PTU-025 Endoscopy in Patients Having Long-term Oral Anticoagulant Therapy. Challenge or Routine Daily Practice?

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Abstract

Introduction

While oral anticoagulant therapy increases the possibility of bleeding, withholding it could cause thromboembolic complications. The BSG provides guidance regarding endoscopy and anticoagulation. Patients may be considered as having a high thromboembolic risk depending on the indication for anti-coagulation. The endoscopic procedures can be classified as high or low risk for bleeding.

Aim

To assess the number of significant bleeding events and thromboembolic events in patients undergoing gastrointestinal endoscopy and are being administered anticoagulants.

Methods

Patients who had an endoscopy at Mater Dei Hospital from January 2011 to December 2012 and were on oral anticoagulants were identified through the endoscopy database. Their endoscopy report and their clinical case notes were reviewed.

Results

130 patients were recruited. 55% were female. The mean age was 68.6 years (SD +/- 11 years; range 14–89 years). The main indication for anticoagulation with warfarin was atrial fibrillation (56.3%). 44.1% of all procedures involved conditions of high thromboembolic risks. Table 1 demonstrates the indication for anticoagulation and the procedure risk stratification.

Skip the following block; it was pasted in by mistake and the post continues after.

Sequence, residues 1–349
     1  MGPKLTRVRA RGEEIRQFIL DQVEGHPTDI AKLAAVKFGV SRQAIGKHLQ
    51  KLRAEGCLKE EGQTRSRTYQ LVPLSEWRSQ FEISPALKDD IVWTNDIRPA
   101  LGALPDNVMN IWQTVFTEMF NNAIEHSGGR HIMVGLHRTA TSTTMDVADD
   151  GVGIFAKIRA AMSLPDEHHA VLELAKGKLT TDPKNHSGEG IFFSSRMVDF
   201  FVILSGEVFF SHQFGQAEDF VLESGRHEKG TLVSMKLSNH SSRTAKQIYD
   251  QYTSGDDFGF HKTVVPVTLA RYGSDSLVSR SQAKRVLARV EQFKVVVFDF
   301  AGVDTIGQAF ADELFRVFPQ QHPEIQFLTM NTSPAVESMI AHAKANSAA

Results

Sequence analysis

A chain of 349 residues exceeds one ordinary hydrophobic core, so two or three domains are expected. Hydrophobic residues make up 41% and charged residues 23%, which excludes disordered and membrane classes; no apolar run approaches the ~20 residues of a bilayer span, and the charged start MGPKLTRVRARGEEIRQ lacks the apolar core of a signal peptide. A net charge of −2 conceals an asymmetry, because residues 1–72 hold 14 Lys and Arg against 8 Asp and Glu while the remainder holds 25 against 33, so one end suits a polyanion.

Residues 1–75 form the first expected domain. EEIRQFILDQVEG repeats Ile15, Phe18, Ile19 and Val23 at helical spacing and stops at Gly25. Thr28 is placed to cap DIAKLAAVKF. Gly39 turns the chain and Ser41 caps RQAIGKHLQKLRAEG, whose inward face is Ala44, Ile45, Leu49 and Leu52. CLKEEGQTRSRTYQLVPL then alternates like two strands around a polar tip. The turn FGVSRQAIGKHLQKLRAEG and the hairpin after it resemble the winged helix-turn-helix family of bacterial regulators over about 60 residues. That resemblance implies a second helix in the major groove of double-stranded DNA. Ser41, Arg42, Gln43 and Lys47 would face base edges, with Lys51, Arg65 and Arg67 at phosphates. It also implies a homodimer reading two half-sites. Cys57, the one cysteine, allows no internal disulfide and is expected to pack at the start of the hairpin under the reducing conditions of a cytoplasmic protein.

Results

53.8% of all patients had a colonoscopy. 22.9% of procedures were classified as high risk for bleeding.1 patient (1.4%) had haemorrhoid banding. The other has polypectomy (>1cm).

Results

43.1% of patients had an OGD. 10.7% had high risk procedures for bleeding – 1 patient (1.8%) had a gastric polypectomy and 8.9% had variceal banding.

Results

3.1% (4 patients) of patients had a flexible sigmoidoscopy. 2 patients had a polypectomy (>1cm) and the other 2 had haemorrhoid banding (all classified as high risk for bleeding).

Results

1 patient developed a pre-retinal haemorrhage and a vitreal haemorrhage within 30 days post-procedure. This patient had a transcatheter aortic valve implantation and AF (high risk for thromboembolic events). This patient had an OGD where a small angioectatic vessel was coagulated with APC. The INR before and after the procedure was always within therapeutic range. There were no other thromboembolic or significant bleeding events recorded in these patients.

Conclusion

Our results demonstrate that adherence to the BSG guidelines on anticoagulation is highly important as to prevent any significant bleeding or thromboembolic complications. However, a new challenge for endoscopists will be the introduction and the wider availability of the new oral anticoagulants.

Disclosure of Interest

None Declared.

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